Christmas Leftovers? Squash, Stilton and Quince Tart – 410 calories a portion

Continuing my theme of working through the Christmas Leftovers…. I had one of those serendipitous moments when I picked up a cookbook (Ottolenghi’s Plenty More, a welcome Christmas gift), opened a page at random and realised that I had all the ingredients that I needed. Of course I couldn’t resist making some little changes… a little less oil, a little less richness by reducing the cream and quantity of cheese. So his Membrillo and Stilton Quiche has become Squash, Stilton and Quince Tart  (too many Ss and Qs to leave it called Quiche…).

Squash, Stilton and Quince Tart

Continuing with my current passion for making my own pastry, I rustled up some light and crumbly shortcrust – but you can use ready made and it will still taste good.

I used butternut squash, which has been waiting for me to find an inspiring recipe, but you could use any kind of pumpkin or winter squash. I may try something similar with other vegetables like beetroot. In fact, the idea of a roasted vegetable and blue cheese crustless quiche has me rather excited now…

If you have a chunk of Stilton left, that is perfect for this. Actually I was surprised at how mellow it became after cooking, perhaps because I am more accustomed to using Roquefort as a blue cheese, which is indeed a good deal more tangy. That or any strong blue cheese would make acceptable alternatives.

Perhaps you are lucky enough to have your own Quinces and have made yourself some Quince Paste or Jelly or Cheese, or have been given some for Christmas? I find it keeps well for months in the fridge, but it also freezes well. You may find it in the Spanish section of a store as Membrillo, or in French it is called Pate de Coing. If you don’t have any you could perhaps substitute some other thick fruit jelly or I thought of using some chunks of stoned dates. Failing that, some chunks of peeled pear could be an interesting match, but the sticky sweetness of the quince paste does work beautifully.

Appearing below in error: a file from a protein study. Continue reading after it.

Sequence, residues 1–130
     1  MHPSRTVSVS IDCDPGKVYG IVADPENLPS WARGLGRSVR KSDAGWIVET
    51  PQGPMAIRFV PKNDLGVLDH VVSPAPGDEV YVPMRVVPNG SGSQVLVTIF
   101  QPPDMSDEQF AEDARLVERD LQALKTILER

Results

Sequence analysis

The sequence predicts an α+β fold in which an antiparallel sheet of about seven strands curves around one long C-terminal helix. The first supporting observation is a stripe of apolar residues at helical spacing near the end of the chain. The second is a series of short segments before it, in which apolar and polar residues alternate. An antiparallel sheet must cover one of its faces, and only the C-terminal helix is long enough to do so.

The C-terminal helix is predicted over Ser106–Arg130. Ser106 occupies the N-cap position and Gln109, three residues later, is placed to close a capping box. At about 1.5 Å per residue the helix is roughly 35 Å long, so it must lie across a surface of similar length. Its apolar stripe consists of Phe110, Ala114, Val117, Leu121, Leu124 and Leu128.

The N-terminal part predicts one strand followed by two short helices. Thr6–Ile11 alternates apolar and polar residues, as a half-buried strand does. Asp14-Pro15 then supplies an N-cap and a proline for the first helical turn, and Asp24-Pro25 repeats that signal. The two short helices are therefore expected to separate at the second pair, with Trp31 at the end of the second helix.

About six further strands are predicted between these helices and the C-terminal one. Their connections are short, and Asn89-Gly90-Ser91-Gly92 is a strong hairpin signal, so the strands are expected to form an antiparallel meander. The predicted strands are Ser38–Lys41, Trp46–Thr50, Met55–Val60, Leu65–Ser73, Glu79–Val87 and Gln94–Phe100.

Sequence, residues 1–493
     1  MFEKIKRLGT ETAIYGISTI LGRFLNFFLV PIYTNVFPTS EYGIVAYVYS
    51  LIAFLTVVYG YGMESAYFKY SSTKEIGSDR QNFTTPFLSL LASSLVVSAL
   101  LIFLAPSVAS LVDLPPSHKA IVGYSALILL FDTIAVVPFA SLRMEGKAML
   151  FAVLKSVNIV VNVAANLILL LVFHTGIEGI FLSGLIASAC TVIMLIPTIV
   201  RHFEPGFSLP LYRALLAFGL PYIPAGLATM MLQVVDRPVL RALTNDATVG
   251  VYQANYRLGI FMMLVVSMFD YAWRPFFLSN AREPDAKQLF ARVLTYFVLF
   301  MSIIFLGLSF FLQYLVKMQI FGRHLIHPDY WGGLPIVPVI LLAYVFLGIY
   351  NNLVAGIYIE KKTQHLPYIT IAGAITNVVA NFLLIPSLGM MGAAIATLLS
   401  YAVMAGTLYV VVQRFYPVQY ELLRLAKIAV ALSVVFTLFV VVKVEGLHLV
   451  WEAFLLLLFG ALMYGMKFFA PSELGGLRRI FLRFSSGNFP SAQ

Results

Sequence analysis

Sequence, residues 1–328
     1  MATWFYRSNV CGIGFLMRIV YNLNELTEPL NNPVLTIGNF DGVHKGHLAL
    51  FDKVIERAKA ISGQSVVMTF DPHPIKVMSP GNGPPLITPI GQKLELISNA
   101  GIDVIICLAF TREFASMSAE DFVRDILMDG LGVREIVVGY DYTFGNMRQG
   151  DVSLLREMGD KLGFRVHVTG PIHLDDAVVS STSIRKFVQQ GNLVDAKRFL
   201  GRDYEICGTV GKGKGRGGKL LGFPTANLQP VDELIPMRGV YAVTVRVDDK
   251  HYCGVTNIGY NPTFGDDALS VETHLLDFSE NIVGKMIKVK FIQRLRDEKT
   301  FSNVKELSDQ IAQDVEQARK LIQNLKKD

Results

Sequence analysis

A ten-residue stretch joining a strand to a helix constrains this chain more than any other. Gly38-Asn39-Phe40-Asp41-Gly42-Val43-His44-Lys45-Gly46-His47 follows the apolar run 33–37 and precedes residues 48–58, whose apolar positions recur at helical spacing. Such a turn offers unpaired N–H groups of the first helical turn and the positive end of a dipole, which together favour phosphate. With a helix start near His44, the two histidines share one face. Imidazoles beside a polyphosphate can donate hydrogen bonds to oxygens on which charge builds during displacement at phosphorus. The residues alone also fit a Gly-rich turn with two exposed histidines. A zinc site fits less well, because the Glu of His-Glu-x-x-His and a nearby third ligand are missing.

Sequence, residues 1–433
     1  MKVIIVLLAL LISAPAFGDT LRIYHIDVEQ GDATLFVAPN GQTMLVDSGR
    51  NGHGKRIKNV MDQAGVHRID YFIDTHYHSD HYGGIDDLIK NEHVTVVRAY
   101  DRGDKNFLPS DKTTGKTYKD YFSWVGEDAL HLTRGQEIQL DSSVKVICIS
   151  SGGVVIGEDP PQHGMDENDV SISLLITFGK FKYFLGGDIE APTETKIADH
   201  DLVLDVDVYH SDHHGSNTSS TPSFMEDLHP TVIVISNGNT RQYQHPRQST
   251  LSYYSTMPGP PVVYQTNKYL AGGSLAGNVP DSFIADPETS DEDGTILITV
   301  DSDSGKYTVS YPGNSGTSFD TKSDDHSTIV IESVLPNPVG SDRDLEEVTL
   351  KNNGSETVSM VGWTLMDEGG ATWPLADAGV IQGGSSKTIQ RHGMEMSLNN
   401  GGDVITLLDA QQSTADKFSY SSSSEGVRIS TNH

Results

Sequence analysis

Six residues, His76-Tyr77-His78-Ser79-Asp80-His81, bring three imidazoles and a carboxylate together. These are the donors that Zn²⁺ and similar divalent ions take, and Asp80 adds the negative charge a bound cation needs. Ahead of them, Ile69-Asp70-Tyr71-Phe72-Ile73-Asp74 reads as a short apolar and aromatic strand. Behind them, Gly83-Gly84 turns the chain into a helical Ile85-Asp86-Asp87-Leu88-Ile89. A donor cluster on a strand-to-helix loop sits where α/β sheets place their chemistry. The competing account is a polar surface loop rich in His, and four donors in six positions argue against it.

Spinach, Fennel and Pomegranate Salad

I served it with a lively ‘tricolour’ salad of young Spinach leaves with finely shredded Fennel and topped with Pomegranate Seeds, drizzled with a balsamic vinaigrette. 

Absolutely delicious seasonal fare. Each serving only 410 calories for the tart and 72 for the salad, so this could even be a meal on a fast day.

Squash, Stilton and Quince Tart with Spinach, Fennel and Pomegranate Salad

So with thanks to Ottolenghi, here is my version of Squash, Stilton and Quince Quiche:-

[yumprint-recipe id=’31’]

Roast Pumpkin and Glazed Walnut Salad <200 kcals

Roast Pumpkin and Glazed Walnut Salad

Roast Pumpkin and Glazed Walnut Salad

Glorious colour to brighten up a dull day. This would be very good with some bacon lardons running through it, or topped with chopped feta or blue cheese or slices of taleggio. You could also dress it with toasted pumpkin seeds.  As an alternative to pumpkin, use butternut squash

Serves 2

  • 300g pumpkin, peeled and cubed 102 kcals
  • 1/2 tbsp sunflower oil 62 kcals
  • 1/2 tsp aged balsamic vinegar 3 kcals
  • Sea salt and freshly ground black pepper
  • 25g walnut pieces 155 kcals
  • 1 tbsp maple syrup 52 kcals
  • 2 tbsp walnut or cider vinegar 6 kcals